The UK’s higher education system is highly regarded around the world and contributes more than £3bn annually to the economy. But could it do better? Do we reward the ‘best’ academics with the most lucrative positions at the top of the academic pile or are we still stuck in an outdated mindset of what success looks like?

There is a real danger that numbers – rankings, amount of research papers published, total value of research grants – of dubious validity could be used to form judgments, simply because they provide a measure that can be quantified. More than 50 academics from the University of Cambridge believe this happens and to this end published a letter in the Times Higher Education on February 20th calling for a debate within the sector about what success is and should look like. As a community we need to do more than merely rely on the number of papers an individual has published in the so-called ‘glamour’ journals such as Nature or Science, or simply add up the value of an individual’s research grants and see who is earning the most, regardless of what they are doing with it.

Living in a culture where size matters so strongly is dangerous, particularly if it excludes or disadvantages the many – men and particularly women – who do not want to live by the ‘mine’s bigger’ mantra.

As a recent Parliamentary Science and Technology Select Committee report made clear, leadership skills are not always valued in our universities. Indeed team building, although crucial to delivering key results in many parts of science, is rarely mentioned as a virtue. Nevertheless, so much of science (more than in the arts and humanities) relies on large teams, be it seeking out the Higgs Boson or sequencing genes in multiple organisms. Those who take pleasure in nurturing teams as well as doing excellent science may lose out in the promotion stakes to those whose pursuit of excellence comes regardless of the cost to others. There is a danger that selfishness is too well rewarded in our universities rather than excellence regarded in the round.

The need to rethink what the academic sector values and to broaden its ideas of what is best for the academic ecosystem without sacrificing excellence has been highlighted by a series of interviews recently conducted with many women – not only academics – from the University of Cambridge. Summarised in a book ‘The Meaning of Success’ by Jo Bostock, published to coincide with International Women’s Day on March 8th, these commentaries highlight how women value far more than the mere conventional trappings of success. Many stated how retaining a sense of their own integrity was more important to them than simply climbing the ladder. But these two aspects should not and need not be mutually exclusive. If they are, then something is awry.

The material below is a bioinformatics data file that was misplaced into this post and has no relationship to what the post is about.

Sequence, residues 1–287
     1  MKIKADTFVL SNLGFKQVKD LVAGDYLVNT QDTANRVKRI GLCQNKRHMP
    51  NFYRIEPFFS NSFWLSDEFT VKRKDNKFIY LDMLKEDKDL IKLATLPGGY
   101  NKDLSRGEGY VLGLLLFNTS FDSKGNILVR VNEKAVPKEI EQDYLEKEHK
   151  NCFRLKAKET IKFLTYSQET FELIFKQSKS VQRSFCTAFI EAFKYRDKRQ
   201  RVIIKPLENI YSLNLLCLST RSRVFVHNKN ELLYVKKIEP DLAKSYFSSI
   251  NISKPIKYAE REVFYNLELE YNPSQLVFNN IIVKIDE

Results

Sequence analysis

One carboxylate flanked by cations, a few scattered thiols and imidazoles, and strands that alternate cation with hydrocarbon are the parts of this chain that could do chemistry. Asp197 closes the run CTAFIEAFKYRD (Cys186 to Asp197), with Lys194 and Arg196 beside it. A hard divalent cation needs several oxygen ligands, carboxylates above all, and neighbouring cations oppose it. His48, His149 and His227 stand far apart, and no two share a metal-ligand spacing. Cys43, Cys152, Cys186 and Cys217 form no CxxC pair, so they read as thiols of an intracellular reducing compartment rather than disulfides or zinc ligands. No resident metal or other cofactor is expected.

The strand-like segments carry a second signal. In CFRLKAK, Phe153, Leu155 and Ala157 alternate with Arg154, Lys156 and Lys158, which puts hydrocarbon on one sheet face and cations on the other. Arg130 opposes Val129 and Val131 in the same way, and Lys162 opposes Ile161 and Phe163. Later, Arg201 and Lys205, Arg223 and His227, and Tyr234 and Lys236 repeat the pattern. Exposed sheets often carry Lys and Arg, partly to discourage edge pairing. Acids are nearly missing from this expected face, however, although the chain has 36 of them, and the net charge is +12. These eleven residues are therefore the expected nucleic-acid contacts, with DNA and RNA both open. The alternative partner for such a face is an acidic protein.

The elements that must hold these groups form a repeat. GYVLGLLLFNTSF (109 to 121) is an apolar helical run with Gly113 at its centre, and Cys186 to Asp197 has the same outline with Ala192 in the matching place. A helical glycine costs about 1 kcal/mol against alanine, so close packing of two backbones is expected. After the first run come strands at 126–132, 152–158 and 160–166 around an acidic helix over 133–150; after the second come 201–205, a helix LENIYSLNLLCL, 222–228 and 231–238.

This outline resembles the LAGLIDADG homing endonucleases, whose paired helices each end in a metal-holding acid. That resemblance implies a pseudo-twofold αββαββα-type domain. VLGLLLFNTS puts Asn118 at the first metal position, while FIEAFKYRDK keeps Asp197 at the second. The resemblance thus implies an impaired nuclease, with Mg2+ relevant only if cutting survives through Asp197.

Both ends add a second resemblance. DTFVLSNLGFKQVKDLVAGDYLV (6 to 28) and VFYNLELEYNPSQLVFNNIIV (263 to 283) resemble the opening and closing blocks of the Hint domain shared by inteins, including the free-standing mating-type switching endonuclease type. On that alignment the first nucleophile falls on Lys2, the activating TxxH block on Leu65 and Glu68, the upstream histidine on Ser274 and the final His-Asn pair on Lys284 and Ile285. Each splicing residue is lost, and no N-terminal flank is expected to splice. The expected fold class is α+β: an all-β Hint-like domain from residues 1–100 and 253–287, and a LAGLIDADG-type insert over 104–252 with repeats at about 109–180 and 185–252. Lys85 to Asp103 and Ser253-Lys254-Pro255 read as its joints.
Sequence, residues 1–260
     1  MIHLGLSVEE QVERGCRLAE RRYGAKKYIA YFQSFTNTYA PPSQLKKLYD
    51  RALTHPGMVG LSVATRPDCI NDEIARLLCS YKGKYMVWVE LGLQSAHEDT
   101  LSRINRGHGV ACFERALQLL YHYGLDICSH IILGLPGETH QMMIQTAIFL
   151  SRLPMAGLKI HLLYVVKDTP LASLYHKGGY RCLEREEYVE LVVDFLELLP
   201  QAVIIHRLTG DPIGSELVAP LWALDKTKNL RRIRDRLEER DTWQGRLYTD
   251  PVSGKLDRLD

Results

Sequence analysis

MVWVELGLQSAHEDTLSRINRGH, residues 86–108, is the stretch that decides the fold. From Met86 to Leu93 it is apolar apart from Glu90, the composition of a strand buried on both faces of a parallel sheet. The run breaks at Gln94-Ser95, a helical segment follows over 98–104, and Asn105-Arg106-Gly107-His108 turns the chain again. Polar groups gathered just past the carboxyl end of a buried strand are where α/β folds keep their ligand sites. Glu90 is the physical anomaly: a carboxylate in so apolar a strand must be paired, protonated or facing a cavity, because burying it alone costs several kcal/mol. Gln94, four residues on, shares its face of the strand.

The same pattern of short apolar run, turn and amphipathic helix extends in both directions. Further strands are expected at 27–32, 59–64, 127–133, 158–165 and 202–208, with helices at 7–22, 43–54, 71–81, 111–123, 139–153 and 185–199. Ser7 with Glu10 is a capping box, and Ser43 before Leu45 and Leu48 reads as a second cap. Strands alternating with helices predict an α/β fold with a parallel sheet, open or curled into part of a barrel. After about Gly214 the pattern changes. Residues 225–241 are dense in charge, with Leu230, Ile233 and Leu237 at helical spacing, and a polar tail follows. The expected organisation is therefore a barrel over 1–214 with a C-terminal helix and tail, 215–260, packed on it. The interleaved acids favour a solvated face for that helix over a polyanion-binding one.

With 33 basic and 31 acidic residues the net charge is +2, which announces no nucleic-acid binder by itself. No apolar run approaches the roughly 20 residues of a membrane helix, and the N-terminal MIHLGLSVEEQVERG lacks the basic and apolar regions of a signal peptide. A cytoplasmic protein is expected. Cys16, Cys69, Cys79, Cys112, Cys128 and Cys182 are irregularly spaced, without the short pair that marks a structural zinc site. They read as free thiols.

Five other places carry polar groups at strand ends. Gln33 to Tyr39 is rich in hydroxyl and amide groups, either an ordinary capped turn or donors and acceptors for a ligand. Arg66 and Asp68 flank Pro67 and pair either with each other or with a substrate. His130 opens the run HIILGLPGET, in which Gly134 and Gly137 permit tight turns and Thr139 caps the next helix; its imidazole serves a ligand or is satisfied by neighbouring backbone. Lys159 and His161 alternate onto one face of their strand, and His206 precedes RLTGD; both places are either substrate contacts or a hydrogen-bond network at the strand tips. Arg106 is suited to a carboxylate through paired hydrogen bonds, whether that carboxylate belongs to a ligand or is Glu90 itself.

Overall women comprise less than a quarter of all the professors in the UK, although with notable differences between the disciplines. The numbers have been creeping up, but only at a snail’s pace. If women are leaving academia, or settling for sitting on the lower rungs of the ladder because they feel their integrity would be lost if they had to go in for a gamesmanship they do not value, then there is scope to improve the situation without sacrificing the delivery of world-class research. Worse, if (as so often appears to be the case) women – and some men – have all the undervalued but crucial tasks of pastoral duties or heavy teaching loads dumped on them because they are good at it and want to see it done well, the time available to them for the better-rewarded aspects of the job (research) is inevitably significantly reduced.

Those ‘selfish’ individuals, on the other hand, who cultivate deliberate ineptitude when it comes to those things they regard as chores because they do not immediately lead to advancement, will escape to spend more time pulling in the research cash with its consequent rewards in promotion and salary. It benefits them but at a cost to those around them. Everyone in academia knows at least one individual like this, yet such individuals appear to get away scot-free.

It would be wrong to imply that it is only women who behave one way and men behave another, but the nurturing aspect society too readily associates with women means that women bear the brunt of undervalued tasks such as pastoral care or teaching administration far more often.

Losing talent by not valuing the full range of skills in the sector and instead rewarding a narrowly defined set of characteristics, thereby reducing the diversity among professors, is unlikely to be healthy or lead to optimal results. In the board room there is already strong evidence for the value of diversity in the team when it comes to decision-making and innovation. Why should universities be any different?

As a sector we need to do better in promoting this diversity, rewarding appropriately those hard-to-measure qualities which contribute to the success of the research, the team and the university as a whole, but which currently are under valued.

Dame Athene Donald is professor of experimental physics at the University of Cambridge and the university’s gender equality champion.

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